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A question about EC's

literallytrashliterallytrash 0 replies1 threads New Member
edited August 2019 in Home Schooling and College
I'm a senior and I'm homeschooled but I only have one traditional extracurricular (cooking club) from when I was in public school in 9th grade. I'm gonna try to do some volunteer work later in the year, but obviously, I haven't done that yet. I've seen people say ECs can be things that you spend a significant amount of time doing outside of school, but the only things I really do are walk/take care of my dogs, read, and watch Netflix. Last year, I kinda tutored my younger sister in math and I've been consistently cooking dinner nearly every night for my family for 2 years. So my question is, does any of this count as an extracurricular and if so how would I phrase it? Thanks in advance!
edited August 2019
4 replies
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Replies to: A question about EC's

  • ASKMotherASKMother 225 replies1 threads Junior Member
    Most large public universities do not focus on your ECs but just have GPA and test score standards so if you are planning on community colleges or public schools you should be ok as long as your GPA/ACT/SAT meets requirements. Private schools and the more selective/elite schools do consider ECs heavily as part of the application. However they also consider if a student worked full/part-time as well since not everyone has the luxury of using their 'free time' as a volunteer or the funds to take dance or voice or music lessons. If your main EC is being a helpful member of your family with specific responsibilities, you should be able to convey that to Admissions in your essay. Bottom line: Importance of ECs varies based on where you are applying.
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  • happy1happy1 23505 replies2333 threads Senior Member
    IMO things like taking care of your pets, reading, and watching Netflix are hobbies, not ECs. There are many ECs that do not require parental funding (ex. volunteering). If you do have significant responsibility at home you can mention that.
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  • DadTwoGirlsDadTwoGirls 6115 replies1 threads Senior Member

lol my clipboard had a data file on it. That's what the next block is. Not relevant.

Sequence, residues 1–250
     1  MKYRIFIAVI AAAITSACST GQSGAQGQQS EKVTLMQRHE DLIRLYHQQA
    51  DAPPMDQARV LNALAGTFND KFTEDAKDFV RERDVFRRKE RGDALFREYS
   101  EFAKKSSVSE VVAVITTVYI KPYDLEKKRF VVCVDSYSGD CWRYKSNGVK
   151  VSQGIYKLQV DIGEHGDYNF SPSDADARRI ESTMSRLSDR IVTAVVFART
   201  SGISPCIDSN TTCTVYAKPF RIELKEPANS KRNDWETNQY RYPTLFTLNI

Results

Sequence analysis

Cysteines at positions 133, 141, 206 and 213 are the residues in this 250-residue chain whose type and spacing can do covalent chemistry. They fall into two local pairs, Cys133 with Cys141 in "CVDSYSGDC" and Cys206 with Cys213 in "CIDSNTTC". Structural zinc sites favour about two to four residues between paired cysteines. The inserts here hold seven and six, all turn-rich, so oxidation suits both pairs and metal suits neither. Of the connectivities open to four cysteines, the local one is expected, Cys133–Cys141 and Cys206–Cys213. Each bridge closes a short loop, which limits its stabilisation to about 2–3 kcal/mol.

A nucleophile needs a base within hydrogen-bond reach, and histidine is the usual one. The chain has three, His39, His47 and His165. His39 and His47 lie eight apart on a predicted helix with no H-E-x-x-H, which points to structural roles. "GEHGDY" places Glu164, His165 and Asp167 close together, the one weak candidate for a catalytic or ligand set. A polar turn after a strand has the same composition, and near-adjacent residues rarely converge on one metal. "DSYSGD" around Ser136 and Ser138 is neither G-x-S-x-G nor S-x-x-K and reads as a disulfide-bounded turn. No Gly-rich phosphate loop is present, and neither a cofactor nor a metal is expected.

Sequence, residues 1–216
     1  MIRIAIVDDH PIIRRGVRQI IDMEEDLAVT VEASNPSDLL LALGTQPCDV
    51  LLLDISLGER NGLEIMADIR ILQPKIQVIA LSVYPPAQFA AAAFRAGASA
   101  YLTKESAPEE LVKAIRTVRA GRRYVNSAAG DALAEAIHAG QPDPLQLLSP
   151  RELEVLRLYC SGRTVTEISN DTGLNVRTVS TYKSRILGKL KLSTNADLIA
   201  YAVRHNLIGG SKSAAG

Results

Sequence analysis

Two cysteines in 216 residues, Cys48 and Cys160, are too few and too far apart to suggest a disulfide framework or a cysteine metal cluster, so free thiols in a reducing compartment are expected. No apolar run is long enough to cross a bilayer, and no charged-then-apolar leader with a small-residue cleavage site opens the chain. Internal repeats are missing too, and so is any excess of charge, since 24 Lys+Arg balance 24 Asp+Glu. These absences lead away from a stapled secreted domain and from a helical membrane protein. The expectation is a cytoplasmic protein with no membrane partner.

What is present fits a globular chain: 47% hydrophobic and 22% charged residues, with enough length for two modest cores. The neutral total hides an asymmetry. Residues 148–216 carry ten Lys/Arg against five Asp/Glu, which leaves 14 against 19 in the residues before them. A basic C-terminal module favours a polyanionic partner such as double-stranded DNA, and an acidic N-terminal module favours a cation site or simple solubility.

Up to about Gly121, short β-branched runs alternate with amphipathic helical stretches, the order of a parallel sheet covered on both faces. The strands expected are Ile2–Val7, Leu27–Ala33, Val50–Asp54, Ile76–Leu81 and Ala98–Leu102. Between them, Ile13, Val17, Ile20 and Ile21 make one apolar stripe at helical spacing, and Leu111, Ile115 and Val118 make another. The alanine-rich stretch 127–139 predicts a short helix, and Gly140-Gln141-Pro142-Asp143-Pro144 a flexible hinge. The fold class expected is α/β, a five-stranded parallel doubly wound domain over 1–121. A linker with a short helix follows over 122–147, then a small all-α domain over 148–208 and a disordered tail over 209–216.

I think that for Harvard or Stanford or anything at that level a lack of ECs will be a problem. For U.Mass Amherst or UVM or McGill they won't care much if at all. I don't think that my daughter who applied to McGill even had to list ECs on the application form.

    If you live in a different part of the country you can adjust the names of the schools accordingly, but you should be able to get accepted to very good schools with very little in the way of ECs, assuming that the rest of your application is strong.

    I also agree that if you have family responsibilities that is worth mentioning. Some students can't do much in the way of ECs either because they are needed to help at home, or to help with a family business, or need to work and make some money.
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  • lookingforwardlookingforward 35290 replies399 threads Senior Member
    edited November 2019
    OP hasn't been back in 3 months.

    The problem with assuming home resps are so significant to adcoms is: they have no bearing on college life, don't show the 'get up and go,' nor the personal ability to try new things and commit, have some impact that many colleges look for. And, the more kids emphasize how vital this was/how the family can't manage without the kid helping at home, the less it can seem he is ready and able to leave home.

    Don't know how anyone can predict acceptances with NO hint of stats, rigor, major, or the rest. Or even what colleges.
    edited November 2019
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